By Andy Sambidge
Aviation firm posts 35% slump in net profit in first six months but still second best H1 figures
Rising fuels costs and forced rerouting of flights due to unrest in the Middle East dented the net profits of Kuwait's Jazeera Airways Group in the first half of 2014.
Net profit fell to KD4.9 million ($17.3 million) for the first six months of the year, down nearly 35 percent compared to the same period in 2013.
The aviation group said operating revenue also dropped to KD29.3 million, down 4.9 percent from H1 2013.
Jazeera Airways Group chairman, Marwan Boodai, said: "The Group's performance in the year's first two quarters continues to be in line with our projections, and though the earnings were lower than last year's exceptional results due to external factors such as a 10 percent rise in fuel cost and flight re-routing due to regional unrest, the earnings were the second highest earnings in the company's history."
Boodai hailed the launch last month of four dedicated gates at Kuwait's international airport, making it the only airline in Kuwait with gates that are exclusive to its customers.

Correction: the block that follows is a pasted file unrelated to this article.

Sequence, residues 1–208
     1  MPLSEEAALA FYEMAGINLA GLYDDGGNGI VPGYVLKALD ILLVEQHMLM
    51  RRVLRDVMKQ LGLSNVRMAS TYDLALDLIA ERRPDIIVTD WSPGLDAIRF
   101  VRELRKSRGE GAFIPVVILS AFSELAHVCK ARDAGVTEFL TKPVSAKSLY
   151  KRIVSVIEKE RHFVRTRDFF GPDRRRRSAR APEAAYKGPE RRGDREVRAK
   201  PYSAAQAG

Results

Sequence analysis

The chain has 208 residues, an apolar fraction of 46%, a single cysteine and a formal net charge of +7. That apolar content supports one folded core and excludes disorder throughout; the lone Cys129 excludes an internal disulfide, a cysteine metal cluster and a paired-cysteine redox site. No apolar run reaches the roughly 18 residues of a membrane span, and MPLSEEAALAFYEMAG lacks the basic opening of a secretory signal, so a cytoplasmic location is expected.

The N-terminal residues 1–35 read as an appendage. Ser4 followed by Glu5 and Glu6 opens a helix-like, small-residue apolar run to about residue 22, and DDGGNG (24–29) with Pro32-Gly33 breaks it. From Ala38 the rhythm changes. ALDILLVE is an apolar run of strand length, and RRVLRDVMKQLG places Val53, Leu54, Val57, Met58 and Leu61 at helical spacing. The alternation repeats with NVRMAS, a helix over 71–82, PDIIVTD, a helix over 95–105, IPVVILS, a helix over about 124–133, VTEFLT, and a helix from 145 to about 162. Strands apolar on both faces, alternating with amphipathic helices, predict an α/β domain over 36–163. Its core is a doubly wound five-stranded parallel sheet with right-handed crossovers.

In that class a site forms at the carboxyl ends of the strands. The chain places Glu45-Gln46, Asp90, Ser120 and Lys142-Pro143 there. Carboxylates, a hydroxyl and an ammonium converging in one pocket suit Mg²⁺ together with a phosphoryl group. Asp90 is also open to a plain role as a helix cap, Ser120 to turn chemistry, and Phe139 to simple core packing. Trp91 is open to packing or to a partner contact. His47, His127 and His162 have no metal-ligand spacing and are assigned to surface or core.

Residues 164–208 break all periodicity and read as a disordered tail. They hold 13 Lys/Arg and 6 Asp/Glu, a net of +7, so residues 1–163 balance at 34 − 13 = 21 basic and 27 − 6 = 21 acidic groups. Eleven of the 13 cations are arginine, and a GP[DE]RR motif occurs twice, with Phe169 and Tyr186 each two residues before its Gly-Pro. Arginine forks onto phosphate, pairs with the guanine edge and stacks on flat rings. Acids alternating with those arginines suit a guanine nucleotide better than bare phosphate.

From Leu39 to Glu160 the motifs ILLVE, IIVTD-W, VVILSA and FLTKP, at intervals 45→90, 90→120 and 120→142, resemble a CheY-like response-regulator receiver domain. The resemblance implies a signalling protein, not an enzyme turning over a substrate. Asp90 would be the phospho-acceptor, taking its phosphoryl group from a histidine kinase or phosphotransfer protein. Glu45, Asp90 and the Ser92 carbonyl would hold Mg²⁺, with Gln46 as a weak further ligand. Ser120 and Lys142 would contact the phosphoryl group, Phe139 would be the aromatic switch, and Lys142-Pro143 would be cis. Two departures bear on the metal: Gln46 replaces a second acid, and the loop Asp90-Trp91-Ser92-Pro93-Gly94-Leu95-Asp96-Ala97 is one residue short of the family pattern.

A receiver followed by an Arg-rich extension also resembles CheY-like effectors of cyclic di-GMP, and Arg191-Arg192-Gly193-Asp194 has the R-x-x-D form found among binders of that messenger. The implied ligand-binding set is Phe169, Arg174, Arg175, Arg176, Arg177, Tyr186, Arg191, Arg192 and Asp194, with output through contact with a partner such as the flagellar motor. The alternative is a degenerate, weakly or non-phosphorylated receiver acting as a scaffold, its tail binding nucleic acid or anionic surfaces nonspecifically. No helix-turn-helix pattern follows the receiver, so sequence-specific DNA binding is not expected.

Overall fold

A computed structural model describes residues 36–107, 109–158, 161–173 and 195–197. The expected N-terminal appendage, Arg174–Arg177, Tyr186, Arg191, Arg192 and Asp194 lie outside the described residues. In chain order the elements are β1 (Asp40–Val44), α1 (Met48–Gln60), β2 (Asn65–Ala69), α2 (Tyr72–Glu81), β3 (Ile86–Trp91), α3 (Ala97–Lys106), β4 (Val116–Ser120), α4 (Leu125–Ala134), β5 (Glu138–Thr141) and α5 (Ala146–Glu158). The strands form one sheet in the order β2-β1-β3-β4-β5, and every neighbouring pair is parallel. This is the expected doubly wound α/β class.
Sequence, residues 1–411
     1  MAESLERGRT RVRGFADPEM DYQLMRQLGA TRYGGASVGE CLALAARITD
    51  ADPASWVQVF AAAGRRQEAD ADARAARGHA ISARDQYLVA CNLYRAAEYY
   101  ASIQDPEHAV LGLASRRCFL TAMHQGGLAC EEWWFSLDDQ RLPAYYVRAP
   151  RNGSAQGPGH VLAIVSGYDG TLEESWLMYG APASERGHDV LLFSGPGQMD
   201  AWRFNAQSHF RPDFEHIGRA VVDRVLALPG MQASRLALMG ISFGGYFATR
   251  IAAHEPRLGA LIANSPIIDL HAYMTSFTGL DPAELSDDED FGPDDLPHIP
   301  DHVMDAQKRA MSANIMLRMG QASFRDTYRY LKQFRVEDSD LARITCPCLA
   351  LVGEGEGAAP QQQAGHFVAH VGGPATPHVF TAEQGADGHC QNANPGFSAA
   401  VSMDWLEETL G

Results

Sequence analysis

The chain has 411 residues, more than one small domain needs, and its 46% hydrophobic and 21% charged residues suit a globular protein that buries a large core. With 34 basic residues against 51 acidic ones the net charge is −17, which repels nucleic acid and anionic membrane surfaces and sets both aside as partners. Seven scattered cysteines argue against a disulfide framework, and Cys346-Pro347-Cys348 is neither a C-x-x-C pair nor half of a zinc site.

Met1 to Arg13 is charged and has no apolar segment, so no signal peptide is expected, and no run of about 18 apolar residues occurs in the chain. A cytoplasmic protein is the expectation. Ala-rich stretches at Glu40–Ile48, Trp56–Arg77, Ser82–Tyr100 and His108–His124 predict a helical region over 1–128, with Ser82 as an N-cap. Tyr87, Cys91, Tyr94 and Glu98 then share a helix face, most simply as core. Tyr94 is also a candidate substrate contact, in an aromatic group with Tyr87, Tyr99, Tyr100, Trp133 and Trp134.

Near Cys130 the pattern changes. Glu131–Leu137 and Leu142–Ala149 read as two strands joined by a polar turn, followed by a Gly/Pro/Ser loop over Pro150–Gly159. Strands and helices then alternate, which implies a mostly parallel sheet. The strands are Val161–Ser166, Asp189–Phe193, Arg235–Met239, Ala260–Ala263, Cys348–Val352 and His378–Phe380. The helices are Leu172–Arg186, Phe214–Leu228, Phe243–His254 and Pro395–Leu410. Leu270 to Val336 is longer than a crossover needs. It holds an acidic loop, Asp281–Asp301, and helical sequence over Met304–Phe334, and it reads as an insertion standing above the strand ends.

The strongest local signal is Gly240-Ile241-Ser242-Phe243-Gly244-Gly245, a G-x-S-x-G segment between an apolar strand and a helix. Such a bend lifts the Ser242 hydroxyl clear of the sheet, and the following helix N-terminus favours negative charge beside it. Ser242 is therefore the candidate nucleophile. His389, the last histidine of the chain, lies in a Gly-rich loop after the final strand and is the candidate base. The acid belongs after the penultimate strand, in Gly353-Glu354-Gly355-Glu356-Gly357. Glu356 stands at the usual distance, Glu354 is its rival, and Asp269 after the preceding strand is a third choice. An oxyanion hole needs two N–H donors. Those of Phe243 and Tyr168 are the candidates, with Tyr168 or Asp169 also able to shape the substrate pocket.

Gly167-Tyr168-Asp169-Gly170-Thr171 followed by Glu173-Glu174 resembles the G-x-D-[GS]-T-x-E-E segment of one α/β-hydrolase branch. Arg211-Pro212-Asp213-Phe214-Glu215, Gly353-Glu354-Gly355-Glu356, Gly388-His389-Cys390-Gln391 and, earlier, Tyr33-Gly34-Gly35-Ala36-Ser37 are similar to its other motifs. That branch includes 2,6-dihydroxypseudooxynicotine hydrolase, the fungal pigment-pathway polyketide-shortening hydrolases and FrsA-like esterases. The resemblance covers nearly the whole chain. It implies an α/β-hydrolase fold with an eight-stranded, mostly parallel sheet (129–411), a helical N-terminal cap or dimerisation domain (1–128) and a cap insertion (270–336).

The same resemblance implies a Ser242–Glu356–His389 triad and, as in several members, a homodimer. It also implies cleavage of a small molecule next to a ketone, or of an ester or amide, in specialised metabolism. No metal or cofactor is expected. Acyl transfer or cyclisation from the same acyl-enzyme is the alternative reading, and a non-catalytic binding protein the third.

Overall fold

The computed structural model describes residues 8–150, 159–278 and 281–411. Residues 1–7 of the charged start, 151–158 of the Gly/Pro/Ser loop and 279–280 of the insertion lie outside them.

The dedicated gates are "strong product differentiators", he said in a statement.
In the first half of the year, Jazeera Airways upgraded its Istanbul route by operating to and from the city's primary airport, Istanbul Atatürk Airport and also increased flights to Al Maktoum International Airport at Dubai World Central to daily flights.
Jazeera Airways serves 20 destinations in the Middle East from Kuwait including Dubai, Bahrain, Beirut, Alexandria, Amman, Istanbul, Sharm El Sheikh, Assiut, Luxor, Mashhad, Sohag, Jeddah, Riyadh, Cairo and Al Najaf.
Jazeera Airways revenues dropped because FLYDUBAI took it's business when it acquired Sheikh Saad Terminal and although they have a dedicated terminal in the old airport, the old airport is the problem. Also, people with new visas are entering Kuwait through SST because the process has been streamlined. Their failure to upgrade their fleet also effected their business levels because their planes were rundown and although they blame regional conflicts and high petrol levels, this carrier benefits from heavily subsidised petrol in Kuwait. Why haven't other like FLYDUBAI had their profit margins slump in the same conflict areas as Jazeera Airways? Jazeera Airways needs to address their product, but it will be very hard to bring back their customer base who have skipped tarmacs due to a rundown airport in Kuwait full of chaos. Kuwait needs to build a new airport period like all other neighboring GCC countries. Shame on them. It is STEP 1 in their development plan.